People who fall into the middle categories are able to move more easily between the new classes. However this fluidity might contribute to the hardening of stigmatizationof those at the bottom reaches of society with no one wanting to be seen as positioned at the bottom of the heap.

The book argues that class should no longer be defined according to occupation, and calls for politicians and policy-makers to take a multidimensional approach, arguing that social classes are now the result of three distinctive kinds of capital: economic capital (a person’s wealth and income); cultural capital (their tastes, interests and activities), and social capital (their social networks, friendships and associations).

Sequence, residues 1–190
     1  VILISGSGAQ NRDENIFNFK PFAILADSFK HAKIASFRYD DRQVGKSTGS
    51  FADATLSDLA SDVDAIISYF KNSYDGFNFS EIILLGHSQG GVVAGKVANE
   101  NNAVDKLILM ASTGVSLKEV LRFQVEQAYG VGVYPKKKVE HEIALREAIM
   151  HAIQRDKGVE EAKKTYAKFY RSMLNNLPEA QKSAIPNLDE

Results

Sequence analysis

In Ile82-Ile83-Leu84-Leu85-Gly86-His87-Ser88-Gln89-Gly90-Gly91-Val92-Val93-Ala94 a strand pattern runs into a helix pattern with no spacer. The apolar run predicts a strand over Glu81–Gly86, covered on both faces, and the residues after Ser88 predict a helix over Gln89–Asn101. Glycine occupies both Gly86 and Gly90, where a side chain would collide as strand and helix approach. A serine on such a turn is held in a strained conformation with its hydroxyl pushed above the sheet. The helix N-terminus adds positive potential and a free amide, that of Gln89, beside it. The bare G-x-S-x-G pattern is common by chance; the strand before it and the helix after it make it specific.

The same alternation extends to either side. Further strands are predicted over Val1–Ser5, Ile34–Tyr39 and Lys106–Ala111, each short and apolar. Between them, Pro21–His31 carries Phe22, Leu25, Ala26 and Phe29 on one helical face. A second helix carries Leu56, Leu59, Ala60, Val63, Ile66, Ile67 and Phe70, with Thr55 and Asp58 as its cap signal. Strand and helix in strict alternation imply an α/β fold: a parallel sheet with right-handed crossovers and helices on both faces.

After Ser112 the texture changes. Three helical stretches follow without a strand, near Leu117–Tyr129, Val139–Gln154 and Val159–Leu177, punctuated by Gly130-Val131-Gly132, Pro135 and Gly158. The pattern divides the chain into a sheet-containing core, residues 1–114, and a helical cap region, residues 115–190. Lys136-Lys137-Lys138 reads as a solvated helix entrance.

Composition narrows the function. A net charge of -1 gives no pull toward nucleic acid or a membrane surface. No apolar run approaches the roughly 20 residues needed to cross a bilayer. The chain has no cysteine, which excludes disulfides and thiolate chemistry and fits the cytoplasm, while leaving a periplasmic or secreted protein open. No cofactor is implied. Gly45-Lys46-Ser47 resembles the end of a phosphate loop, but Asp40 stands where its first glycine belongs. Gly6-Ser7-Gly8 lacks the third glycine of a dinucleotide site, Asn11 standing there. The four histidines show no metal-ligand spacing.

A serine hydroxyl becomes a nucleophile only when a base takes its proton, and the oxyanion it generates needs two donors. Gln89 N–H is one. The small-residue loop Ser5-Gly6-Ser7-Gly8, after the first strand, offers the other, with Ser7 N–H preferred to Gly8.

Professor Mike Savage, lead author of the book and Head of the Department of Sociology at LSE, said: “We like to think of ourselves as living in a democratic society where individuals are supposed to have equal rights. Yet we also know that people’s economic fortunes can be strikingly different. Symbolically class is a lightning conductor for the anxieties this discrepancy between economic realities and our beliefs provokes.

"Our findings reveal that the class system in Britain has been fundamentally remade. Where there used to be longstanding differences between the middle and working classes, we have now moved towards a class order which is more hierarchical in differentiating the ‘wealth elite’ at the top from ‘the precariat’ at the bottom, but which is more fuzzy and complex in its middle layers. We hope the book will open up debate about the meaning of class today and allow us to meaningfully confront the contemporary challenges inequalities in today’s society have created.”